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    “Star Trek: Waypoint” #1

    By | September 30th, 2016
    Posted in Reviews | % Comments

    Being 50 years old this year, there’s been a massive resurgence in Stark Trek stories. From a new movie to a new TV show being put into production to new comics, it’s a good time to be a Star Trek fan. One of those new comics is “Star Trek: Waypoint”, an anthology series that showcases stories from any point in the Star Trek timeline.

    This first issue, with stories from Donny Cates, Mack Chater and Sandra Lanz, showcases some short stories that explore the range of what Star Trek can be. Read on for our full spoiler free review of “Star Trek: Waypoint” #1 to find out why you shouldn’t sleep on this.

    Written by Donny Cates & Sandra Lanz
    Illustrated by Mack Chater & Sandra Lanz
    A blockbuster bi-monthly anthology to celebrate 50 years of STAR TREK, featuring short stories across all Treks, by the top talent of today and yesterday! First, a NEXT GENERATION story by Donny Cates and Mack Chater. Unable to decipher a mysterious ship’s coded messages, Starfleet has enlisted its two greatest scientific minds, Captain Geordi La Forge and his best friend Data, to investigate. What they discover will alter the course of scientific human history as we know it! Then, an ORIGINAL SERIES story by Sandra Lanz, where a crewmember, stranded on a strange planet, encounters a bizarre alien creature. They must learn how to interact, but how?

    Even if the stories in this first issue hadn’t turned out quite as good as they did, the idea behind this series would remain, frankly, genius. Taking the entire timeline of the Star Trek universe, from the earliest days of Enterprise to the unexplored future past Nemesis, and inviting comic creators to play in that sandbox with a short story of their own. It’s a way of celebrating Star Trek in its entirety as well encouraging creative ways to boil what makes Star Trek special into just a handful of comic pages. Thankfully, the stories presented in this first issue show that these creators aren’t just interested in replicating what came before, but charting the creative future for Star Trek comics.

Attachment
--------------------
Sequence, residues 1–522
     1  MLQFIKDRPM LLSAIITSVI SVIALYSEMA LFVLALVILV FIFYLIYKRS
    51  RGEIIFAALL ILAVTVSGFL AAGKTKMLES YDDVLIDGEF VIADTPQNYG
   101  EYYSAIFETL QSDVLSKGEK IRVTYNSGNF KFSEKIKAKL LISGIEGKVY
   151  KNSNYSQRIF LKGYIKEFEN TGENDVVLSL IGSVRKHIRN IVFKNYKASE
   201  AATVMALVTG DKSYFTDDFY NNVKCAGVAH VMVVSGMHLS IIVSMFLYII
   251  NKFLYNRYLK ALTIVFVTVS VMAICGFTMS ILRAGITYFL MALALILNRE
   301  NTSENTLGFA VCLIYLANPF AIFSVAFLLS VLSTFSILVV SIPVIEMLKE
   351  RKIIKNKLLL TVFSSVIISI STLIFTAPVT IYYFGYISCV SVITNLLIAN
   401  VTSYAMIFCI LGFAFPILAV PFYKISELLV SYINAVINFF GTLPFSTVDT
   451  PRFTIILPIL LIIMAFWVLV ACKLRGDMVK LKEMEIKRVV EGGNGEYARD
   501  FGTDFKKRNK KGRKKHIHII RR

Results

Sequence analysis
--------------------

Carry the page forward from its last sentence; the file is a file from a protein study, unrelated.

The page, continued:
The first story is titled ‘Puzzles’ and is written by Donny Cates, illustrated by Mack Chater, coloured by Jason Lewis and Dee Cunniffe, and lettered by Andworld Designs. It is a Next Generation story set some time after the events of Nemesis and follows Geordie La Forge and Data as the Enterprise comes across a seemingly unsolvable puzzle. This story is really the meat of this issue and is a fantastic first impression for this series.

    Donny Cates’ writing is weighty, cerebral and moralistic, feeling worthy of being ranked among the best of Star Trek episodes. The story puts two of the smartest minds in Star Trek into a very real Kobayashi Maru-style scenario and the joy of this story is seeing the two of them work their way through the puzzle while the lasting emotional weight of the writing is knowing they can’t solve it without consequences.

    This is a surprisingly dark story and that’s illustrated by the artwork from Mack Chater and the colours from Jason Lewis and Dee Cunniffe. There’s a grittiness to the artwork, from the heavy lineweights to the textures in the colouring to the way the interior of the Enterprise is perpetually shone in the sickly green lights of the monitors. This is a far cry from the bright white walls and lens flares of J.J. Abrams’ Star Trek, both in tone and in aesthetic.